A few weeks ago Wave Trust in partnership with the DfE published its report Conception to Age 2 – The Age of Opportunity. I was part of the Special Interest Group that helped shape the report, along with an eclectic group of colleagues representing a variety of areas affecting babies – such as mental health, training, health visiting and psychology. I learned much from this group, chaired by the erudite and softly spoken George Hosking, CEO of Wave Trust. The full report is 135 pages long and a text book in its own right, but the shortened version designed for local busy commissioners is a useful summary with reference to all the relevant links.

Continue reading

Can the Genie of the Lamp help us find the best staff in Early Years?

LEYF nursery staff trainingThere was a flurry of activity at our Central Office last week because we were interviewing for new staff. We need new staff because we have increased our capacity to accommodate more two-year-olds. The morning saw the arrival of the interview team of LEYF nursery managers and deputies expressing great hope and enthusiasm: new staff, new blood, more stability for teams and less dependence on agency staff. Hurrah!

As someone invited to sit on Professor Nutbrown’s Expert Panel, I supported the intention to have the best quality of staff in our settings. I am keen that the Level 3 is relevant and appropriate. By this I mean that anyone wanting to work with children are given a solid grounding in both child development and how children learn, so they know how to care for a child in a warm, empathetic and good-humoured way. We have long despaired about the qualification being watered down to the point where it has become too broad. As such, I welcome the opportunity to comment on the review of Level 3 qualifications.

Nonetheless, I am a pragmatic person and wondered how we would achieve this baseline quickly enough to meet the needs of the Two Year Old expansion. The outcome of our interviews last week was telling…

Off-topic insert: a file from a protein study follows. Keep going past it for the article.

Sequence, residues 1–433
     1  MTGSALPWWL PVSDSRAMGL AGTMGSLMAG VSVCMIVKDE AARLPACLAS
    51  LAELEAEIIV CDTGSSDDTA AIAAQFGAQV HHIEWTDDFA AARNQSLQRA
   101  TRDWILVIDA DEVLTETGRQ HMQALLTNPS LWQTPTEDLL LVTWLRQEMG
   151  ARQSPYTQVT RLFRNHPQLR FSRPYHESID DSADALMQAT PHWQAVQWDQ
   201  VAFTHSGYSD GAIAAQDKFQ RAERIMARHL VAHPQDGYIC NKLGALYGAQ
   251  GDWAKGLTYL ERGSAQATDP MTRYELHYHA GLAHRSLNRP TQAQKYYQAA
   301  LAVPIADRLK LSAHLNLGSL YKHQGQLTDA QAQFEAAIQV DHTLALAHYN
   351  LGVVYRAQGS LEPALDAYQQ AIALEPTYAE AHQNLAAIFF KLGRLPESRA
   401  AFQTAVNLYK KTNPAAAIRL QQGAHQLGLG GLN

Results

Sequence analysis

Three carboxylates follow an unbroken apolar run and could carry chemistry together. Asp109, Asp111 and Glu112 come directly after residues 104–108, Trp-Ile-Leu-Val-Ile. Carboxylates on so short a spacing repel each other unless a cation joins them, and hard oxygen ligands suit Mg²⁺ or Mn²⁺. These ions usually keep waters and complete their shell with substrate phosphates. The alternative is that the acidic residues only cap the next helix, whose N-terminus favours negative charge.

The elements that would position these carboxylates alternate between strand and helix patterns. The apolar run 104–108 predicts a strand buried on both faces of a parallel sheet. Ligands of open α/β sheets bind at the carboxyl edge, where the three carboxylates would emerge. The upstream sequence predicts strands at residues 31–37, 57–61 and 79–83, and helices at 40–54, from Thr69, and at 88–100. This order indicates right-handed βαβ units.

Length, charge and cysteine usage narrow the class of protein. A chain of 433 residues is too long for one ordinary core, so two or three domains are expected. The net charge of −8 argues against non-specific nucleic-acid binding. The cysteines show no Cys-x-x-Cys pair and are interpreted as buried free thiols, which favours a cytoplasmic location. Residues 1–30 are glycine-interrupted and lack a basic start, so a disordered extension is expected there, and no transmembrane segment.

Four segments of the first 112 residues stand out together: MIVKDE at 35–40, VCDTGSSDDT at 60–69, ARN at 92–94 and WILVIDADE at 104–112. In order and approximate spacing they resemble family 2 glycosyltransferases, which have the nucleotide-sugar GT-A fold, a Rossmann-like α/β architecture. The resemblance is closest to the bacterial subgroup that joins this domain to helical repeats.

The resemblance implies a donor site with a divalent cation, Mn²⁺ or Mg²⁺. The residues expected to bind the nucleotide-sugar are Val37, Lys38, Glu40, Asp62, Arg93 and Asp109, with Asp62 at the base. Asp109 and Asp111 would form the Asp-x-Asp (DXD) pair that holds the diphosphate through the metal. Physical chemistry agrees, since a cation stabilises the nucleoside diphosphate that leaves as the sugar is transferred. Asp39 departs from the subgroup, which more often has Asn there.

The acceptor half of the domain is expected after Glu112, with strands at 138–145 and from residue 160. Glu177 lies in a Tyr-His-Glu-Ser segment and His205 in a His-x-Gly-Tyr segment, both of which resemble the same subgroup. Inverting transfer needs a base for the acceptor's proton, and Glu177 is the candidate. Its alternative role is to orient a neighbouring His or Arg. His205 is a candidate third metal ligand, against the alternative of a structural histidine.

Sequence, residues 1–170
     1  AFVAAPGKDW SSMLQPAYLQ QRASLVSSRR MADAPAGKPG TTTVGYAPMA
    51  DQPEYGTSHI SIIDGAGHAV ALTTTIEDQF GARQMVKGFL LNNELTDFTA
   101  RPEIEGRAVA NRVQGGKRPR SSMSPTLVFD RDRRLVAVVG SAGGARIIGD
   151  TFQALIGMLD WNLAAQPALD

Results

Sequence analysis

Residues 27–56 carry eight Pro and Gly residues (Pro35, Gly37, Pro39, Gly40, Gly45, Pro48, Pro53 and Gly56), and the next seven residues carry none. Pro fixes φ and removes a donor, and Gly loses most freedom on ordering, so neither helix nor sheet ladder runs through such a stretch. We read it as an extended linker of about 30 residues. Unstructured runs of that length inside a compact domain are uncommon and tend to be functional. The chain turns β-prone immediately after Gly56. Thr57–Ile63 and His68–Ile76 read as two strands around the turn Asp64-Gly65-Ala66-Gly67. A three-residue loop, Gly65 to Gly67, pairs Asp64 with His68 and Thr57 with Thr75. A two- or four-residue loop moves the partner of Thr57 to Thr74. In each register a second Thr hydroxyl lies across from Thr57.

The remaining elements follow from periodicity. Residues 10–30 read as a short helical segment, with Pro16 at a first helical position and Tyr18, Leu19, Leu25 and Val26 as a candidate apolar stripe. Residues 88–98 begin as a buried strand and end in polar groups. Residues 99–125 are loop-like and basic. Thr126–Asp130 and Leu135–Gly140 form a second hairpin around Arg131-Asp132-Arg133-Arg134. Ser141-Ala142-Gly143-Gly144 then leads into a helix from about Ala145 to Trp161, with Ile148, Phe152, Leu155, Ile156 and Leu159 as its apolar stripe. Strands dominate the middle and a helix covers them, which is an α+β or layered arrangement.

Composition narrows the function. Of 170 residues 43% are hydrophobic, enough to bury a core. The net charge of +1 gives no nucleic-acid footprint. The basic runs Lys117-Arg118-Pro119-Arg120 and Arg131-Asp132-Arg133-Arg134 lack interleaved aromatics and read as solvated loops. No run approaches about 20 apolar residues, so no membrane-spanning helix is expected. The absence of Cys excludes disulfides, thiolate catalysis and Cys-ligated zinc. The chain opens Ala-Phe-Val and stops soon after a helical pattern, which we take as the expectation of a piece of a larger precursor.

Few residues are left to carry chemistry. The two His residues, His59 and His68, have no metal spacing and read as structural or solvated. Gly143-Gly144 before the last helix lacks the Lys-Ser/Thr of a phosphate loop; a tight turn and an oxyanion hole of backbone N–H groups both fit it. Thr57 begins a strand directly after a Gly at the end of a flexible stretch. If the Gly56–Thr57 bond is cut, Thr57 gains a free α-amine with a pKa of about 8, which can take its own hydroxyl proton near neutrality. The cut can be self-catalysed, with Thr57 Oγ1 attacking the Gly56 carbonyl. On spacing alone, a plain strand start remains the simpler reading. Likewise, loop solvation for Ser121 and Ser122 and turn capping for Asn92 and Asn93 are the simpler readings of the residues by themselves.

Three hundred hits on our advert results in 200 CVs being submitted. These are then followed up with instructions to download the information pack and complete an application form. At this point you see a big drop off: seemingly people just don’t want to write the letter (literacy, literacy, literacy). Those who do are invited to interview. Here at LEYF we call this an assessment centre, where potential staff complete a selection of activities and get to visit a nursery. The final interview pulls all this together to ensure we can both work together successfully.

The outcome is depressing and predictable. We had people who had managed to achieve their qualification within 10 weeks (and you could tell). We had recent college graduates who did not know what was meant by the EYFS. We had candidates who really struggled with spoken English. One manager said they had asked if candidates saw the position as a job or a career (don’t knows just don’t cut it). The enthusiasm began to wane throughout the day…

I chatted with our man from HR: is there not high unemployment he asked, scratching his head? There is, only the trouble with recessions is that staff sit tight, especially those in lower paid jobs (they cannot afford the risk of moving). According to the Office for National Statistics, 2012 saw a 42% drop in people leaving their jobs and the labour market at its least dynamic for 13 years.

So what shall we do? LEYF staff interviewing said they used courage (one of LEYF’s five core values) to help them in the selection process:

We will give one or two a chance for three months, during which time we will balance the risk, complete the induction and observe their impact on the children. (We think it’s a risk worth taking rather than continuing with agency staff.) We will then make a courageous choice to say ‘Goodbye’ if its not working.

Back in HR there is talk of reviewing the selection process. Maybe we will scrap the application form; does it tell us enough anyway? Yes, says Mr HR but we have to remember that any recruitment process must reassure Ofsted that it’s robust.

Does it feel like déjà vu? Remember 1997? The great ambition was to take on 100,000 new staff to expand childcare and enable people to work. Fantastic, if only it weren’t for the same problem we now face: getting enough of the right staff in place to turn the ambition into a reality. Without the power of the genie’s lamp, we can rub all we like, but we simply cannot ‘magic up’ enough good staff. As a result, twelve years later, and further stymied by a dogged recession, we appear to have made little progress.